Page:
"Let it go"- three words that can be so hard

Sitcoms episodes have centred around it. Songs have been written about it. Articles, advice columns, posters, memes… it seems as though we are constantly being encouraged to "Let it go". Letting go seems to have become one of well-being’s central themes and, we’re told, fundamental to achieving a balanced, peaceful way of proceeding through life. But what does it really mean, and why is it so hard to do? Because, as simple as those words are, it can feel at times hard, and I wonder if it were easy, would it have aroused such a huge body of energy around it? If it were easy, wouldn’t we all be doing it as a matter of routine?
 
Letting go implies that there is something in hand, being gripped, that needs releasing. And perhaps that’s where it gets complicated. Perhaps that’s where the difficulty lies - in our relationship to whatever it is that we’re holding. Some things are rather more insinuating and more deeply penetrating and our grip on them (or their grip on us) could be experienced as relentlessly tight and unyielding. 
 
Letting go also seems to have a relationship to time, to what is being lived within the present that, as it moves into the past, cannot be allowed to age: it seems to stay current and with us. It might alter in tone or flavour. It might evoke different feelings or responses in us, over time, and yet it stays.

Letting go of something sticky can be hard. And having that foot in the past can make it difficult to allow a future to freely draw us into it.

Perhaps there is a way to take those sticky experiences with us as we live our lives without them dominating and driving how we live our lives. 
 
I wonder if what we’re really talking about when we say “Let it go” is the process of taking something that is challenging and finding a way of being with it that’s acceptable to us. Of course, what feels challenging or acceptable is very individual, and so maybe this is one reason why letting go can be easier in some contexts than in others. What is easy for some people to release may not be for others. 
 
This could flavour the whole dynamic between the voice saying “Let it go!” and the ears hearing those words. When someone says “Let it go” to us, a part of them might be saying “I’m uncomfortable with your discomfort and I want to insulate myself from it because I don’t like it. So if you let it go, I can too!”. I wonder if when we tell ourselves to “Let it go” there isn’t a part of us that is trying its best to insulate against the pain or discomfort of being with whatever is challenging us. What happens for us when we can’t let go? How do we see ourselves then? What might that voice advising us sound like?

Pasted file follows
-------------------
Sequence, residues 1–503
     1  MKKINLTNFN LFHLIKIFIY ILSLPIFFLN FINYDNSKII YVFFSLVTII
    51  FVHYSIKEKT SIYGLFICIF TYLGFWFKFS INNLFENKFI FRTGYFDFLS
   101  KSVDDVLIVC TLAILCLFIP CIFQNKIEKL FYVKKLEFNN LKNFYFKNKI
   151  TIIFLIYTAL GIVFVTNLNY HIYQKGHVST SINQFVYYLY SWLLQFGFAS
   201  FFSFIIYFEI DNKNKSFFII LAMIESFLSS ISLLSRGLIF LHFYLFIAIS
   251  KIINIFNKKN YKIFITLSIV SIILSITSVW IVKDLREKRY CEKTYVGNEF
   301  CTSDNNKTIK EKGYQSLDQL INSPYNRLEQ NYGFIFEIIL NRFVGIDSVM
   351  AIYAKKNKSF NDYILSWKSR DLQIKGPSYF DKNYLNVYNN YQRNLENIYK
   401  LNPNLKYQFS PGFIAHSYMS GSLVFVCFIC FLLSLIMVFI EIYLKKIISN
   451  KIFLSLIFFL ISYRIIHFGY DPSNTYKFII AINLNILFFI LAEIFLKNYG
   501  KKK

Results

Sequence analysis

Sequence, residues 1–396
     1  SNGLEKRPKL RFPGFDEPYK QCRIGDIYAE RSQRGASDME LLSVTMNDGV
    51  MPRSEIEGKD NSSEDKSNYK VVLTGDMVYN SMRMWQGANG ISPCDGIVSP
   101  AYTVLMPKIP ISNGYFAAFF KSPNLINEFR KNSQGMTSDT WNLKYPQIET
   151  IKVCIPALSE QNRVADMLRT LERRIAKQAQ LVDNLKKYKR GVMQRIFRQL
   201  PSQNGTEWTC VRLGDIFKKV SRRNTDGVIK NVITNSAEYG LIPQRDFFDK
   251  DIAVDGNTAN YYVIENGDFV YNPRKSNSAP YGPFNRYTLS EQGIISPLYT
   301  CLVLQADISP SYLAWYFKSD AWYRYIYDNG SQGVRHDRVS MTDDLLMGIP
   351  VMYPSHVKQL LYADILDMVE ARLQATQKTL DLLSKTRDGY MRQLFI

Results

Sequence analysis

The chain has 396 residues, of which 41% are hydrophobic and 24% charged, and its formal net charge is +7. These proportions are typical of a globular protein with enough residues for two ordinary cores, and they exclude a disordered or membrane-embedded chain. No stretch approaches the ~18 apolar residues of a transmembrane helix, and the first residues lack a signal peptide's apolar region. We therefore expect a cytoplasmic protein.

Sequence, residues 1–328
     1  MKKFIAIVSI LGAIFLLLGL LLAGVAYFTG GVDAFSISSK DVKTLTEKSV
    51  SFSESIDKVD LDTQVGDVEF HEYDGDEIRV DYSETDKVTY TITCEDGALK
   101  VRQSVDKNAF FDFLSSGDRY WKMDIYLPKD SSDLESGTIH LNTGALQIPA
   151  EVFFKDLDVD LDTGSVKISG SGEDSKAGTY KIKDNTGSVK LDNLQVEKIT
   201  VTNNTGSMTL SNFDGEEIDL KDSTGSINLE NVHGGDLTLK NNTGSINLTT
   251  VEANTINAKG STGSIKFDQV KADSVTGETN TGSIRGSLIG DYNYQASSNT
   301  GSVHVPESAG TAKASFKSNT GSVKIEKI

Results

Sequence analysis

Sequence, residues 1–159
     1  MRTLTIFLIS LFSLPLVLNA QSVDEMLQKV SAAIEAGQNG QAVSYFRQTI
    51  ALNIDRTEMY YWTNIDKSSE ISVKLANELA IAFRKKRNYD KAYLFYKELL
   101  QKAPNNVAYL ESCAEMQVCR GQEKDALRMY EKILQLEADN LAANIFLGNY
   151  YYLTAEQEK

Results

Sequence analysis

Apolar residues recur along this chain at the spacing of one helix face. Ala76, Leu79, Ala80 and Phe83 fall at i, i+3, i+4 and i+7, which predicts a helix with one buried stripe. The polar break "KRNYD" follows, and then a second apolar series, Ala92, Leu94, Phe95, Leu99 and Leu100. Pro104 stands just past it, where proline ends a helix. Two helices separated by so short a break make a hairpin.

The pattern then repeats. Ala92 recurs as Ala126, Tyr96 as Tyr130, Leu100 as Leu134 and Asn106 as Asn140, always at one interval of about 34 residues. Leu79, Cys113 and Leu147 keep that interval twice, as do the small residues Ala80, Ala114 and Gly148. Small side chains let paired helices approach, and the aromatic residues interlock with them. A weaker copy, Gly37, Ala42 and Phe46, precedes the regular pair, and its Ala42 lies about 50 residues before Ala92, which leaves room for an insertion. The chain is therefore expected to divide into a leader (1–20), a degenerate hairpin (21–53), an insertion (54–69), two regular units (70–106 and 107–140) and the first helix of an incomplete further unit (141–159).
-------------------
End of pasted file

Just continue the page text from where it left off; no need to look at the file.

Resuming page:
The process of making sense of something that we’d rather not have in our cache of experiences, and the feelings around them, can take time. It mightn’t be something we can just put away or distance ourselves from or let go of in an instant. Perhaps letting go doesn’t mean expunging or erasing - much as we might want to do that, and much as we’re encouraged to do so. Perhaps it’s more about integration and growing around. 
 
There might be something important around being accompanied through this - finding that what we want to let go of and our inability to do so aren’t overwhelming to another, as it might at times feel to us. Being supported as we explore familiar dynamics and meaning around letting go can lead to an understanding of our grip. Understanding how our grip is generated can help loosen it; understanding can help create a way of being with it that is based on choice and compassion rather than historical pattern and a sense of being stuck with the holding on.

Exploring the process around letting go - or holding on - therapeutically could help lay the foundations for a different way to move from the past into the future and a different way to decide what it is we are taking with us - and how we want to carry it. Working with a therapist could be really helpful. 

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Written by Merri Mayers MBACP

Merri Mayers, an MBACP registered counsellor, works near Cirencester, Gloucestershire. Merri is an integrative therapist employing the most effective aspects of person centred, gestalt, psychodynamic, systemic and TA models. She works relationally, understanding that how we engage with others can illuminate how we see and feel about ourselves.… Read more

Written by Merri Mayers MBACP

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